“Um,” I almost don’t dare speak, “what was all that about?”
Her expression changes immediately. “Nothing you need worry about, Lady. How are you feeling?”
She raises an eyebrow.
She makes me stay awake long enough to measure the time between contracts – ooh, look at that, we’re down to 27 minutes – and then orders me back to sleep. I’m not about to argue with her in this mood so I sleep.
(Sep 23 Y4)
The day really adds little to my wealth of knowledge except this: ‘Quister wives are demanding. So much so that I actually begin to feel ever so slightly sorry for the Kiester.
Her impatience rouses me again at 8 (still at 27 minutes, btw) and Mara actually allows me to get out of bed and dress to receive her. Granted, how regal can one feel (despite the circlet and the sword) when one is 10 feet wide but, still, better that than my semi-sheer robe.
Her name, it seems, is Sofia. She’s gorgeous. She’s tough. And she’s in a wicked bad mood.
I quietly send the footman to retrieve ‘Rico from his breakfast and to ask the Guard to bring the Kiester up from Prunella’s as she goes on and on about our lack of hospitality – how dare we imprison her son in some fetid cell and chain her husband. I let her ramble for a while until (finally!) ‘Rico arrives, Chip Petrus (go figure) right behind him.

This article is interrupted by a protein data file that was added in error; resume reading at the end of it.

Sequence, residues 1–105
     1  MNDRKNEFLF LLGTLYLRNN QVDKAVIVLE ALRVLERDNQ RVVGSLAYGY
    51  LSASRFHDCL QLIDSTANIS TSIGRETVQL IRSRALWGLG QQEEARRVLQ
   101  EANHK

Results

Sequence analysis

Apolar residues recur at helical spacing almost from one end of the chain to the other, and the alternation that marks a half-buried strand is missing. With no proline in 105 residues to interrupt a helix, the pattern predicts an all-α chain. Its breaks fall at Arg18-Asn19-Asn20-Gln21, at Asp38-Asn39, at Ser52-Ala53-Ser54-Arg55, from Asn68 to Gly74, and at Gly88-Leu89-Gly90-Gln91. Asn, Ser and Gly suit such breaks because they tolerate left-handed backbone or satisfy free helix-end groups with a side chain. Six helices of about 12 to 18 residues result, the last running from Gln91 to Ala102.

“Mama?!” He gasps. She turns and cascade of ‘Quister emerges – at first, she clutches him to her and the words croon then, gradually, she turns into my mother. He straightens rapidly, pulling his clothes to rights and blushing. His plea is bitten off as she … well, ok, I have no idea what she said but he’s clearly embarrassed. Ow.
“26 minutes,” Mara murmurs, seeing my face, and makes a note on her chart.
The interruption, though slight, catches Queen Sofia’s ear and she turns to lambaste Mara. I prop myself to a stand.
“Chip, why don’t you and ‘Rico go to class?” I forestall the incipient tirade. ‘Rico looks strikingly relieved. “I know Master Ricard is planning a spelling tournament in French that you won’t want to miss. I believe the prize is an afternoon off lessons.”